The good news is that the robber-baron presidents who run the Bowl Championship Subdivision of the National Collegiate Athletic Association are no longer feigning interest in anything beyond the rivers of revenue that flow into their annual budgets once football season arrives. The tribulation of Jonathan Paul Manziel offered our ivory tower overlords another chance to propagate their peculiar charade. Instead, they powered down the Emerald City and stepped out from behind the curtain.
This is a positive development, particularly for the legions of current and future college students who find their futures choked by the rampant profiteering that threatens to undermine the vast societal good provided by our system of higher education. On the 28th day of August of the Year Two Thousand Thirteen, the presidents of some of our nation's greatest research institutions let it be known that their top priority is cash flow, and that the pursuit of said cash flows need not be hindered by the same processes of logic that are taught within their hallowed halls. Only a trust-buster strips away a monopolized good such as "Johnny Football." That is the logic that plays.
You can argue that the academic-industrial complex conceded this notion several years ago with its handling of the Cam Newton pay-for-play allegations, yet the presidential proxies at the NCAA never actually yielded their black-and-white moralism, because they never actually punished Newton. With regards to Manziel, however, the NCAA and Texas A & M acknowledged in a joint statement that the 20-year-old Heisman Trophy winner violated the rules. And however ludicrous those rules might seem to those of us who would willingly miss half of a football season with writer's cramp if somebody was willing to pay us for our signatures, equally so is the NCAA's rationalization that a 30-minute suspension and a 15-minute show-and-tell period 1) is an adequate punishment for the letter and spirit of the violation and 2) is not a blatant attempt to prevent the absence of college football's most famous and marketable star from torpedoing the ratings of a slew of nationally televised games, two of them occurring in the first 3 weeks of Texas A & M's schedule.
The alleged academics who oversee revenue college sports are no longer wearing any clothes, so we should no longer feel compelled to recognize them with the legitimacy of a name such as the NCAA. They have acknowledged who they are, and thus should we. Our first order of business, then, is to rebrand the organization, to remove the "Collegiate" from a corporation whose mission is anything but. Call it the Athletic Profits Enhancement Cartel, or APEC. Once this is accomplished, we can begin the task of extracting academia from the professional basketball and football player development business, which is the first step toward implementing the multitude of reforms necessary for both institutions to maximize their respective contributions toward society.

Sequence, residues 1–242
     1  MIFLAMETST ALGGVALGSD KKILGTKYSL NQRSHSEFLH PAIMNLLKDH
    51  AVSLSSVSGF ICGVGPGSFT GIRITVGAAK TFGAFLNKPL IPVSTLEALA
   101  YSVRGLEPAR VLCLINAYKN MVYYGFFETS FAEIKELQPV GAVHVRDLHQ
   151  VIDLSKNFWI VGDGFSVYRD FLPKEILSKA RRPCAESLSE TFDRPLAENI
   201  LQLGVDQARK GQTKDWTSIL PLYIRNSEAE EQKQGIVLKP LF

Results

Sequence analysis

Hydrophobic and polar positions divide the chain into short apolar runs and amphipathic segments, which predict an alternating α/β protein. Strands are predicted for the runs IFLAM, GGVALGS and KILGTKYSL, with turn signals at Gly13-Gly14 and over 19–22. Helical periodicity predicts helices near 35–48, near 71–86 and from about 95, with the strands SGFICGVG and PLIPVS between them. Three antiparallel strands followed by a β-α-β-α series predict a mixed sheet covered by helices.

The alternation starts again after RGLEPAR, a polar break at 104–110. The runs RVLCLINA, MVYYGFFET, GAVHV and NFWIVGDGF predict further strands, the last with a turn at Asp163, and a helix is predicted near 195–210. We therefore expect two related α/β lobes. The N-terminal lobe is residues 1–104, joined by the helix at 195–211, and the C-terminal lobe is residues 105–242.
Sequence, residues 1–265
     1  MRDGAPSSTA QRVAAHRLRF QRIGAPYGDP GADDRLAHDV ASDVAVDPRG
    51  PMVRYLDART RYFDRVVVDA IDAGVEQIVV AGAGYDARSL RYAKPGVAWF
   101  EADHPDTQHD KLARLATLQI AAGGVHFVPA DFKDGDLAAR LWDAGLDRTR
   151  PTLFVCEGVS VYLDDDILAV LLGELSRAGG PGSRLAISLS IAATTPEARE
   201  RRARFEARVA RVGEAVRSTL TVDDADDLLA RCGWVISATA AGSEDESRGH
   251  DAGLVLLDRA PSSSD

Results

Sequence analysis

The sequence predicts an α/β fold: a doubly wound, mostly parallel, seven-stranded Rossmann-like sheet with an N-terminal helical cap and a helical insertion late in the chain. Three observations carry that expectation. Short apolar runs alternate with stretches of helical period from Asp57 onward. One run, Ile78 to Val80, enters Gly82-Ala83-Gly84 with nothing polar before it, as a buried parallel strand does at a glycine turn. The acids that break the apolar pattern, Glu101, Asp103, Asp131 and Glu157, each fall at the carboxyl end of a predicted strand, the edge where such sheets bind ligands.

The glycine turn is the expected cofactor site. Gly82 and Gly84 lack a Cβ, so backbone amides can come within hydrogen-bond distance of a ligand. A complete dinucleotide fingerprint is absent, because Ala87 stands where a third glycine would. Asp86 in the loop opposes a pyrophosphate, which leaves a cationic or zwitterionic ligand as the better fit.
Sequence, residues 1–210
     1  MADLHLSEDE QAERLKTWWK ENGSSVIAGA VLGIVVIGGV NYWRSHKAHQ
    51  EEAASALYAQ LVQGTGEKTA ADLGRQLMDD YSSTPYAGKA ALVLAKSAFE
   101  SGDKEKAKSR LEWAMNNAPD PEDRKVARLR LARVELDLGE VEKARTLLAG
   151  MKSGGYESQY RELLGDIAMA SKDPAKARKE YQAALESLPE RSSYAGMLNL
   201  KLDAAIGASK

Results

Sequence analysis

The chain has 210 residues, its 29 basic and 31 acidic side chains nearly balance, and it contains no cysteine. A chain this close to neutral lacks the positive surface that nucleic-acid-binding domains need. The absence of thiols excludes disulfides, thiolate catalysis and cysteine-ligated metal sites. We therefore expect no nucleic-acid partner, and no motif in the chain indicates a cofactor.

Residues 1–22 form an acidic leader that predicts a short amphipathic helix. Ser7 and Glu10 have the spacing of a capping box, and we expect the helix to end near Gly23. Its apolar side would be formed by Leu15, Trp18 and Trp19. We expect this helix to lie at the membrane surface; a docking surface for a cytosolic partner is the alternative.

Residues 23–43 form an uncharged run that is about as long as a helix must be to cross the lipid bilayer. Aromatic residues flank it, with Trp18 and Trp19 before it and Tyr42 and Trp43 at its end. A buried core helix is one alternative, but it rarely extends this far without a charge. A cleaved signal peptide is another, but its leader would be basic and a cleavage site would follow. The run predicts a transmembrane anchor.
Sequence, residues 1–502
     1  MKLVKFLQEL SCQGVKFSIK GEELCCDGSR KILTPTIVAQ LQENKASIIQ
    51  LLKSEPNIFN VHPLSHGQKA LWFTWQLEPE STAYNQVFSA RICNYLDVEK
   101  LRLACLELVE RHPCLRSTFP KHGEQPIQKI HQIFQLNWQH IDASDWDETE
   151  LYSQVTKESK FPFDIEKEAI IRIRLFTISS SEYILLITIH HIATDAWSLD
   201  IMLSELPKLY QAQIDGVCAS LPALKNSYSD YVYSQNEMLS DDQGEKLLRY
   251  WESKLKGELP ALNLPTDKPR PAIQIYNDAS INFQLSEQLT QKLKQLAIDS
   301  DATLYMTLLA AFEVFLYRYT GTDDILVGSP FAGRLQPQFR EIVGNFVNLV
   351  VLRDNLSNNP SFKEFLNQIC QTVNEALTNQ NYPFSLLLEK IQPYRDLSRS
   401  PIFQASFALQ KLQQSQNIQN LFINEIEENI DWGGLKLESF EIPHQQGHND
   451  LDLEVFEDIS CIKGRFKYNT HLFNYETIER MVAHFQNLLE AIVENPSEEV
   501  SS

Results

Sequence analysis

Our chief concern is not with APEC but with academia, where, according to Bloomberg, the average cost of tuition and fees increased 1,120 percent between 1978 and 2012, a figure that is much more in line with the increase in athletic spending and revenues than it is with the increase in expected value of a college degree during that time period. The philosophy that has driven so many big-time athletic departments to become self-sufficient, or self-funded, is at odds with the core premises of collegial learning. The strength of the university is supposed to lie in the collective, a value that is undermined by the dual economies present on BCS campuses, where students struggling to rationalize the diminishing rate of return on their academic investment walk past $90 million ice palaces and stadiums where the ol' ball coach is really the ol' judge, jury, executioner, CEO and, in some tragic cases, deity.
Last week, the president of the United States outlined some of the steps he hopes to take to combat the aforementioned diminishing rate of return on tuition dollars. A significant chunk of the more than $150 billion that the federal government spends each year ends up in the economies of universities with athletic budget per-capita spending that dwarfs academic per-capita spending. That federal aid might not go directly to athletics, but its presence on the academic side engenders the fiefdom mentality that pervades many athletic departments, where practices such as pouring excess profits back into the department result in facilities upgrades that the general student population is unable to enjoy because it is too busy attempting to finish its course load in time to avoid another semester of ever-increasing tuition. One of the first steps of real reform should be to reduce federal aid to schools whose athletic spending does little to enhance the well-being of the entire campus population, thus forcing a university president to choose between life as the chief academic officer of a school or life as the chief executive officer of a professional sports organization.
The members of APEC have already made their choice clear.
On Twitter: @ByDavidMurphy